What can be done? I will start with implemented policies that did alleviate cultural burdens; move on to research revealing how the best of mundane intentions can place new burdens; and close the section with an apology for research that is cognizant of its limits and possibilities as precisely human labor under significant burdens.
Let us start with a not so trivial case: Within the past twenty years, all sidewalks in the United States have been reconstructed–ostensibly to make it easier for people in wheelchairs to get on and off the sidewalks. A small amount of the total resources available to the United States were redirected to this task and, in New York City at least, it is all but complete. Steps in public settings were a matter of architectural tradition–the product of a long cultural arbitrary. Shifting to inclines probably does not place an extra burden on any one. Still, like any other cultural artifact, cuts in sidewalks are open to everyday interpretation: just watching crowds on Broadway for a few minutes will show that these cuts are extremely useful to anyone moving a wheeled object across the street: the movement of shopping carts, strollers, suitcases, etc. has been made much easier and the very large number of walkers pushing or pulling these should thank the activists who made the cuts politically necessary. There is a problem however: Bicycles are also wheeled objects and they are now the altogether controversial co-occupants of sidewalks. I believe there have not been many collisions between bicyclists and pedestrians that sent some to wheelchairs. But as some one feels a bicycle swoosh by from one’s back, one can also feel that one’s conditions in New York City has not only been lightened.
Garfinkel has recently reported on a more subtle case (2002: 212-216). Legally blind Helen has made herself a kitchen where she can cook and prepare dinner parties. The possible problems come from the sighted persons who enter her kitchen, move objects around and make things difficult for her again. Thus Helen’s instruction to all her guests at the beginning of her parties: “Please, stay out of my kitchen!” This is, of course, a breach in American etiquette: “helping” the hostess is a hard matter to not do in most part of the United States. But the point is broader: it has analytic, practical, and methodological implications.
Analytically, we must realize that extra burdens can be placed on people with the best of intentions. Extra burdens are not only produced by major institutions but even through the informal organization of fleeting interactions. Practically, the case suggests once again that some cultural burdens may be lightened by small and essentially cost-less shifts in particular settings. Other burdens may be harder to deal with and even to identify and this leads to the methodological issues I want to explore in more details. Before boy-scouts offer to ‘help’ a blind person cross the street, they should probably check whether this person does need the help, or whether the help will place further burdens. Similarly, we should question all new policies, and we should continually check again whether existing policies place unnecessary burdens. Above all, as researchers, we must worry how this questioning and checking will be conducted to insure minimal validity for any of the answers we might propose.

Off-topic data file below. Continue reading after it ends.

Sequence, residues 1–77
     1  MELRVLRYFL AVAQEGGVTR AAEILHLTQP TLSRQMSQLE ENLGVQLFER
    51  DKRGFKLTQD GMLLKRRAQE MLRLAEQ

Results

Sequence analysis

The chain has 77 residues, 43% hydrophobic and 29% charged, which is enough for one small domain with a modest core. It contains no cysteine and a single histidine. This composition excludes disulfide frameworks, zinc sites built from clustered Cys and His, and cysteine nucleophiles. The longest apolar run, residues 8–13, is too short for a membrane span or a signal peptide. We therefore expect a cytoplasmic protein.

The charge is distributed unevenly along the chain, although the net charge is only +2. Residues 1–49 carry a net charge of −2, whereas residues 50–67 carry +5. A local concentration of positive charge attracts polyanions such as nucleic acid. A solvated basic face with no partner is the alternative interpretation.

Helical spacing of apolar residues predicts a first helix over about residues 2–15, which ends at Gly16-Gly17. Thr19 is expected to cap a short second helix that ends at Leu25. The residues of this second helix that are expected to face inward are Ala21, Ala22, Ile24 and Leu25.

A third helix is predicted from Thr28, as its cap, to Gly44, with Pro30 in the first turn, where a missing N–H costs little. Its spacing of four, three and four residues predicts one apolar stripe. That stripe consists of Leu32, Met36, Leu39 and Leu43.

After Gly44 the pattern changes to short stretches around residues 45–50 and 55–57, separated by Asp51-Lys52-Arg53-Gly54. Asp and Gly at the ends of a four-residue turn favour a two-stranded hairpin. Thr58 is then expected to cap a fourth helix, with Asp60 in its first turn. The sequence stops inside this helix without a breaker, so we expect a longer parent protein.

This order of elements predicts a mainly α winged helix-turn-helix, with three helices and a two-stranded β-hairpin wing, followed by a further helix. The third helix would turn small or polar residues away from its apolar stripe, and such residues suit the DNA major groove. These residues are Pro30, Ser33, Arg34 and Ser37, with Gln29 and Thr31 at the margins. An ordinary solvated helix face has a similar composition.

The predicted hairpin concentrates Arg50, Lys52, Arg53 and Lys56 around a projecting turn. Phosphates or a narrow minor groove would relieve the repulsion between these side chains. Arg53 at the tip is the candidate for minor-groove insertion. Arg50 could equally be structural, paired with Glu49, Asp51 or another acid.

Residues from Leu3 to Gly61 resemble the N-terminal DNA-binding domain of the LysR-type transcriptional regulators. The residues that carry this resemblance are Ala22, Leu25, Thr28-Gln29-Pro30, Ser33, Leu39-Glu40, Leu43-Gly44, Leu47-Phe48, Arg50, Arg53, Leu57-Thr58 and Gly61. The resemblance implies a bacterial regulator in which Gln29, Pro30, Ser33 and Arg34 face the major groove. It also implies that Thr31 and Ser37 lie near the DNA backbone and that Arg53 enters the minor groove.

Trying to answer such question through academic research is laborious work. It is work to be performed carefully by people fully aware of their position at the intersection between State authorities and the persons caught by these State authorities. It has to be the case, precisely because of their close relationships, that teachers cannot fully hear students, principals teachers, and that heads of State Boards of Education cannot hear all those whom they only partially control. Over the past century, and “thanks” perhaps to enlightened missionaries, colonial administrators and other enforcers of general policies, the intermediary position of “researcher” emerged. Many of us find ourselves in this position–whatever our personal politics or the exact details of our relationship with centers of authority. But being placed in this position does not determine what we do: it sets the parameters within which and with which we struggle. An essential part of this struggle, and the one that justifies the position of researcher and our participation, is the struggle to find better ways to listen to those on whom extra burdens are placed and to report this convincingly to those in authority.
One central feature of the “culture as disability” approach is the postulate that participants “know” best the conditions of their lives and particularly those matters that burdens them most. More specifically, McDermott and I postulate that participants reveal in the details of their labor together, in the dance of their bodies and in the practical achievements of their joint histories, the constrained possibilities of the conditions they start up with and the conditions they leave each other with. In other words, we do not approach conditions as the causes of some effect on the participants, and even less as the causes of any limitation on their understanding of these conditions. This analytic process is typical of all theories of enculturation, socialization, or habitus. We think that they obscure the practical work of the participants–even though it is this work that recent theories have claimed to reveal. Rather we approach conditions as productive of work, continually renewed work that, at any moment, requires the recasting of one’s common sense. The usefulness of this approach can be suggested at any level of human interaction from the most immediate to the most “mediate” where “macro” processes are directly involved. It helps understand Garfinkel’s Helen; it equally help to understand the work of parents when children are born and grow up; and it help understand the complex work of all political actors on all sides of major conflicts whether the war in Irak or “globalization.”